The only issue before the Court is whether privately owned specialty cars are equipment "owned or used" by rail carriers regulated by the ICC. The phrase "owned or used" implies an expansive scope of coverage. The plain meaning of "use" is "to put into action or service or to avail oneself of." Pursuant to section 11503(a)(3), the ICC has also defined rail transportation property broadly:
Rail transportation property is all property and other assets, irrespective of ownership that comprise the entire operating unit devoted to rail transportation service.
49 C.F.R. § 1201(2i)(33).
The rolling stock of private car companies is clearly an integral and necessary part of the "entire operating unit devoted to rail transportation services." Under 49 U.S.C. § 11122, the ICC is authorized to regulate the lease arrangements between the private companies and the shippers. The ICC also regulates the tariffs that shippers pay to railroads and that the railroads pay to the private car companies. Without a leasing arrangement for specialty cars, rail carriers would be unable to meet their obligations under 49 U.S.C. § 11121.
The legislative purpose of the Act is to prevent a state from unfairly burdening interstate carriers regulated by the ICC.4 In view of this comprehensive regulatory scheme, it makes little sense to deny private car companies the same protection against discriminatory taxation already provided to other railroad transportation property. Accordingly, the judgment of the district court, 511 F.Supp. 610, is affirmed.
Circuit Judge of the Eleventh Circuit, sitting by designation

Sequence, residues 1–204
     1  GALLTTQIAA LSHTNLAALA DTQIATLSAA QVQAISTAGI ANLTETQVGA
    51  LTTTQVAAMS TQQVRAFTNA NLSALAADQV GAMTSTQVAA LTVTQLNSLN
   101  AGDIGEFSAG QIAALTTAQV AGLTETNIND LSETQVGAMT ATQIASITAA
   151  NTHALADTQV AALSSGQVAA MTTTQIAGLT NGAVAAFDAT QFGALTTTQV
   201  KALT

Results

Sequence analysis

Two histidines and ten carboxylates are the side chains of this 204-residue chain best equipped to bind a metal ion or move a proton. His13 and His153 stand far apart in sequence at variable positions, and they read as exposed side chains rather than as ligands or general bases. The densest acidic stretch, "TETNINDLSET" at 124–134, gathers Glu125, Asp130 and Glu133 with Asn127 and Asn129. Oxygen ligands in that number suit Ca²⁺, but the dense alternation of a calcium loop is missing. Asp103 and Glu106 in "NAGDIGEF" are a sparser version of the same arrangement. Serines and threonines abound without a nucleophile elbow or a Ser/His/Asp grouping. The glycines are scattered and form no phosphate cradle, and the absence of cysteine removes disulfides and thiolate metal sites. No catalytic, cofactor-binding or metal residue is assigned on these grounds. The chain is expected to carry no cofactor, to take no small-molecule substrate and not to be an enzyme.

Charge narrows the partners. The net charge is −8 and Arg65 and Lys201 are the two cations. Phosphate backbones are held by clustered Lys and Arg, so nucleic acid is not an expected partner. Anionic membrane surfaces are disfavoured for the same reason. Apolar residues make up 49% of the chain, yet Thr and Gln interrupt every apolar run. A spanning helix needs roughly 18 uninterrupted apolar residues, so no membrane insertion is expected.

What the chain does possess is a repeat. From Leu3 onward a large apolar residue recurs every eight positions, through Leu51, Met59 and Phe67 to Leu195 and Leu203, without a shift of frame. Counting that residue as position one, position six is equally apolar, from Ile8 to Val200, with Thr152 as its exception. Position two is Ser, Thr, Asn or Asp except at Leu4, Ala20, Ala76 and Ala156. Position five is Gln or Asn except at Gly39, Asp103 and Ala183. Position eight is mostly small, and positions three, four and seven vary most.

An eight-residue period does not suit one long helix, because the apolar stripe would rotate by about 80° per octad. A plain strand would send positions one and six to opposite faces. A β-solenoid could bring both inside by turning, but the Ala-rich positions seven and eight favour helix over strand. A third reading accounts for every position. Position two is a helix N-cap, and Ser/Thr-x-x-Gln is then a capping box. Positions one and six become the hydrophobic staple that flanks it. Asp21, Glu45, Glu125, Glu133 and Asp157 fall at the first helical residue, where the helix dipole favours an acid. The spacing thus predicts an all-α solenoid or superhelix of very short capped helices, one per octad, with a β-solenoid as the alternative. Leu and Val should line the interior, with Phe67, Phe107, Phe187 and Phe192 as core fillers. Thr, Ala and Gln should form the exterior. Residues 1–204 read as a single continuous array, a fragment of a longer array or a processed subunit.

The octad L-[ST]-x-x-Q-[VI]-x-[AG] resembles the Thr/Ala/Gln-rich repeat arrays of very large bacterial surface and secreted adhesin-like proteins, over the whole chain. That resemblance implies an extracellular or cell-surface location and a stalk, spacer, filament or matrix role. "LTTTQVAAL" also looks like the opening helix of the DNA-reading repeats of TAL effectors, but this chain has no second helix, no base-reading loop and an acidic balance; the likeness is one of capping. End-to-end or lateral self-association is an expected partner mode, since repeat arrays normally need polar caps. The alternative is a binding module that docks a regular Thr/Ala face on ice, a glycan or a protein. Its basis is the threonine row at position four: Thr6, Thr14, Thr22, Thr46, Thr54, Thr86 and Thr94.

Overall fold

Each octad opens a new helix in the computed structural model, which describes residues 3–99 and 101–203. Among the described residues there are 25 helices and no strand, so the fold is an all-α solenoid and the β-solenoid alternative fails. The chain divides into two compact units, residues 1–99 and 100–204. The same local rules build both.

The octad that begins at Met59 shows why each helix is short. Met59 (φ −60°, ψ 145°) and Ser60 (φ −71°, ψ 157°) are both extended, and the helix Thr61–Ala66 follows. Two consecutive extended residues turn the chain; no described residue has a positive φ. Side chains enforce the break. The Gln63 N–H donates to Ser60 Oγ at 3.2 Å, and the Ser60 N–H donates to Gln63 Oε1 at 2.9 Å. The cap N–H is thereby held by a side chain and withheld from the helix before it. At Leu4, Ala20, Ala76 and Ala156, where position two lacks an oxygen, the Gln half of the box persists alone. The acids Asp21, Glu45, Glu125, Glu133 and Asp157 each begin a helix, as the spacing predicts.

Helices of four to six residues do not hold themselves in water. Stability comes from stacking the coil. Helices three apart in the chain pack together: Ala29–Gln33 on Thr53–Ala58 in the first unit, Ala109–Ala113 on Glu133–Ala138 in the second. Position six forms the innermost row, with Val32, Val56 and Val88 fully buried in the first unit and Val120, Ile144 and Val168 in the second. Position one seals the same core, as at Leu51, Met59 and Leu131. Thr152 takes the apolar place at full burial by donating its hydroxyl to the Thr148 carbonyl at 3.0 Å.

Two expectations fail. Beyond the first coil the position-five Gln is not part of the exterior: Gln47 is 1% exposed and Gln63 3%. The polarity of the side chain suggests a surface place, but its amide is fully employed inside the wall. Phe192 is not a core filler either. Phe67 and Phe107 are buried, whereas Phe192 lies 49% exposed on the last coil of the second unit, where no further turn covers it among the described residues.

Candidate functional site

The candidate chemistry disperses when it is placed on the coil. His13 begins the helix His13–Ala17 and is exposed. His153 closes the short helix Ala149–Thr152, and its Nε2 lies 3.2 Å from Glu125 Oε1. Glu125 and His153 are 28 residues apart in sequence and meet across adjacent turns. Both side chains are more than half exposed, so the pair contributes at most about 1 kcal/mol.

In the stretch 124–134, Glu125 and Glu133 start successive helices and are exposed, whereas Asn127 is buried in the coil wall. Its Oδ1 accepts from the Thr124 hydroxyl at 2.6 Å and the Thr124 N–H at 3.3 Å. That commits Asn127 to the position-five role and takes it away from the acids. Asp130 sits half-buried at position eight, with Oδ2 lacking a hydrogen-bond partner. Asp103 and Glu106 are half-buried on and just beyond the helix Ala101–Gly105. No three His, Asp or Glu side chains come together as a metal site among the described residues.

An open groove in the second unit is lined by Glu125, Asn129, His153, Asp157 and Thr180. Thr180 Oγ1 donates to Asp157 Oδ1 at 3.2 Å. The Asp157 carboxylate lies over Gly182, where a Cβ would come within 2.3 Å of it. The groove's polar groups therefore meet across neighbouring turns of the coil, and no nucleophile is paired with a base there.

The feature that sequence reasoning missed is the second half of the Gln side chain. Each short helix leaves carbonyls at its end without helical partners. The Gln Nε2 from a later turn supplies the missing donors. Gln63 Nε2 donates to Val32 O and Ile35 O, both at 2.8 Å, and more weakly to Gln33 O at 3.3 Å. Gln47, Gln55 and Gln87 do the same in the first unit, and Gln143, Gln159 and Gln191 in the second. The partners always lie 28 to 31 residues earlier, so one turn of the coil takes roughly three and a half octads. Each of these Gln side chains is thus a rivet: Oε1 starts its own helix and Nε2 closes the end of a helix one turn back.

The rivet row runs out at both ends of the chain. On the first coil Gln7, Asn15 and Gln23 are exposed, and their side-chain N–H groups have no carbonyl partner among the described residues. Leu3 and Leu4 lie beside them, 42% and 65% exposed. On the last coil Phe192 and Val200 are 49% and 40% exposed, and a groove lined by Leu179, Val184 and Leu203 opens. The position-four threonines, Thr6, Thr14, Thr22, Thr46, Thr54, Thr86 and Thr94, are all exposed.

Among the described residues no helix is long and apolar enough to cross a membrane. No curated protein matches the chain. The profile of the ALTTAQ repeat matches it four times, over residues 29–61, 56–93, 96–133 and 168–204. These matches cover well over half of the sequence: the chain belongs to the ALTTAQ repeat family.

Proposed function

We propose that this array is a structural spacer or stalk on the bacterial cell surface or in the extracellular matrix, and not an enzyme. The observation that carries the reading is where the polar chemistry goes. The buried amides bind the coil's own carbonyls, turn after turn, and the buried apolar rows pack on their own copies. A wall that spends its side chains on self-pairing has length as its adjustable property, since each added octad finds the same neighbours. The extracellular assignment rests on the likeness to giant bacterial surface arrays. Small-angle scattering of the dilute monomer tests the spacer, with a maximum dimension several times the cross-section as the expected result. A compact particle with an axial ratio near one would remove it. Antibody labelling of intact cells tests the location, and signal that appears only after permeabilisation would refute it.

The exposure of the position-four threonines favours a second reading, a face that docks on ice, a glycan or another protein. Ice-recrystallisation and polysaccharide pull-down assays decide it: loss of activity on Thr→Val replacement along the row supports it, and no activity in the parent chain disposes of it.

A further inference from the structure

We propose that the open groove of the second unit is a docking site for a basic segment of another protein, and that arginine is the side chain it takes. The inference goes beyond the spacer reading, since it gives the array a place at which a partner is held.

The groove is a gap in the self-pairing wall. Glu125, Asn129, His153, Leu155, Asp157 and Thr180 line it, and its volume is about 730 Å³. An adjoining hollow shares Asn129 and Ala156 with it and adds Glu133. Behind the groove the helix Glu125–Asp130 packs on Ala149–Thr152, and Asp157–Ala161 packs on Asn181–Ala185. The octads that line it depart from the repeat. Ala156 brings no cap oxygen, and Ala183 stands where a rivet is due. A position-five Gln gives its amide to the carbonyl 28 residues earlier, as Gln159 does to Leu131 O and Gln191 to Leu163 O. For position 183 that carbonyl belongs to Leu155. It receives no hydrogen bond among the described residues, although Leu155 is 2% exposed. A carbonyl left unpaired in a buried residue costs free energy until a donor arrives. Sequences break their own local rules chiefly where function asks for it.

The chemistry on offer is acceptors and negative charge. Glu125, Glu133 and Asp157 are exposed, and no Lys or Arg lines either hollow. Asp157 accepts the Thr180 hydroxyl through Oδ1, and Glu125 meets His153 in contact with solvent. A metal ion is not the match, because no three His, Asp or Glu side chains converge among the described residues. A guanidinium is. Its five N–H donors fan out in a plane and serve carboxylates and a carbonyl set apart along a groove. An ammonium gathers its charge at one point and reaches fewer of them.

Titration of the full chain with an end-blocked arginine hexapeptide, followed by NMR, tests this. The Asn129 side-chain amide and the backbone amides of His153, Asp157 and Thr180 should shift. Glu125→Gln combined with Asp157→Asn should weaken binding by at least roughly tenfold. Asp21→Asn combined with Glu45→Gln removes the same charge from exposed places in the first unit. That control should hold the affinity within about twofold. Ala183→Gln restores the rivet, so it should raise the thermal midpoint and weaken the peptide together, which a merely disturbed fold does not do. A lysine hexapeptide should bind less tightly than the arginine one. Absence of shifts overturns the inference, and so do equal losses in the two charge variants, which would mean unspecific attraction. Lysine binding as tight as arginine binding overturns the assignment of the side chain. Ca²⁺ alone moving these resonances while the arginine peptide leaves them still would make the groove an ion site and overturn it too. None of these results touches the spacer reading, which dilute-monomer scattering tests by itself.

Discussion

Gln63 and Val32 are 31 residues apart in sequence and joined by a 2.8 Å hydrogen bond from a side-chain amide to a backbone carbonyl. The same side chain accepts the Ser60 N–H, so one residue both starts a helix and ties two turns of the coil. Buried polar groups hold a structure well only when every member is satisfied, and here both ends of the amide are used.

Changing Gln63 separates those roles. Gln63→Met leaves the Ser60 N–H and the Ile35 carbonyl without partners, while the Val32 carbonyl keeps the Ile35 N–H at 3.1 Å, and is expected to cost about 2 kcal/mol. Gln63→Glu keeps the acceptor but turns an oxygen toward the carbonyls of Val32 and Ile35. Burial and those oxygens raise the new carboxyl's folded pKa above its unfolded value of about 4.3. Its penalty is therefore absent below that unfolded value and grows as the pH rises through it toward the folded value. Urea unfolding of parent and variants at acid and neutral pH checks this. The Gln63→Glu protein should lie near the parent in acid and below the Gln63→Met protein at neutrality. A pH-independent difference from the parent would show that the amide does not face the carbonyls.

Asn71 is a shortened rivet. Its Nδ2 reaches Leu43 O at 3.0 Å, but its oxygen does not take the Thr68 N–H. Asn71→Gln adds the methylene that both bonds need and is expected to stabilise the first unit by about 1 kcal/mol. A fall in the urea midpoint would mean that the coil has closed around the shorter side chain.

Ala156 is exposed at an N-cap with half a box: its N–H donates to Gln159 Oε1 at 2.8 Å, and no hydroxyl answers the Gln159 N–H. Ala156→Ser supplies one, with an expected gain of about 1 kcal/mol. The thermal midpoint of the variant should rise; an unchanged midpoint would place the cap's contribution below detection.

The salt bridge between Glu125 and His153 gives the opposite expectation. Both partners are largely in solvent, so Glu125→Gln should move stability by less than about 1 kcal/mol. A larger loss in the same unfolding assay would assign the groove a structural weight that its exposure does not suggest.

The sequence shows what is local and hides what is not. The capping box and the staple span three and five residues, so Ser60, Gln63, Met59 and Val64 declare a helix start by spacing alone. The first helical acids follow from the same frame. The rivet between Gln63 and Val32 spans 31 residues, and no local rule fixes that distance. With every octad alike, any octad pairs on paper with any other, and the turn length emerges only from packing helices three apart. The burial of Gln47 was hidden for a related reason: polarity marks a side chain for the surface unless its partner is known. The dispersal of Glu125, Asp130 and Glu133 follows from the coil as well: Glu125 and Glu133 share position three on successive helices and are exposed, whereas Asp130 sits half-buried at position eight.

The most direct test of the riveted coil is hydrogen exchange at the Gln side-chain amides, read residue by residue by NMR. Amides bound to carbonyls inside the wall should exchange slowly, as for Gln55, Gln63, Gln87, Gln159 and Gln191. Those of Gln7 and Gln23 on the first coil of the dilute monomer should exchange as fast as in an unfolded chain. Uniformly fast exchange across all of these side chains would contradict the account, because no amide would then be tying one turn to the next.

To a lesser extent, some of the car companies provide specialty cars directly to the railroads on a daily basis through what are known as "pooling" arrangements
LSA-R.S. 47:1851 M recites as follows:
M. "Public service properties" means the immovable, major movable, and other movable property owned or used but not otherwise assessed in this state in the operations of each airline, electric membership corporation, electric power company, express company, gas company, pipeline company, railroad company, telegraph company, telephone company and water company. For each barge line, towing company or private car company, only the major movable property owned or used but not otherwise assessed in this state in interstate or interparish operations shall be considered as public service property.
In Louisville & N. R. Co. v. Louisiana Tax Commission, 498 F.Supp. 418 (M.D.La.1980), the district court has already held that article VII, section 18 of the Louisiana Constitution violates the 4-R Act when applied to property directly owned by rail carriers. See also Ogilvie v. State Board of Equalization, 657 F.2d 204 (8th Cir. 1981); Trailer Train Co. v. State Board of Equalization, 511 F.Supp. 553 (N.D.Cal.1981)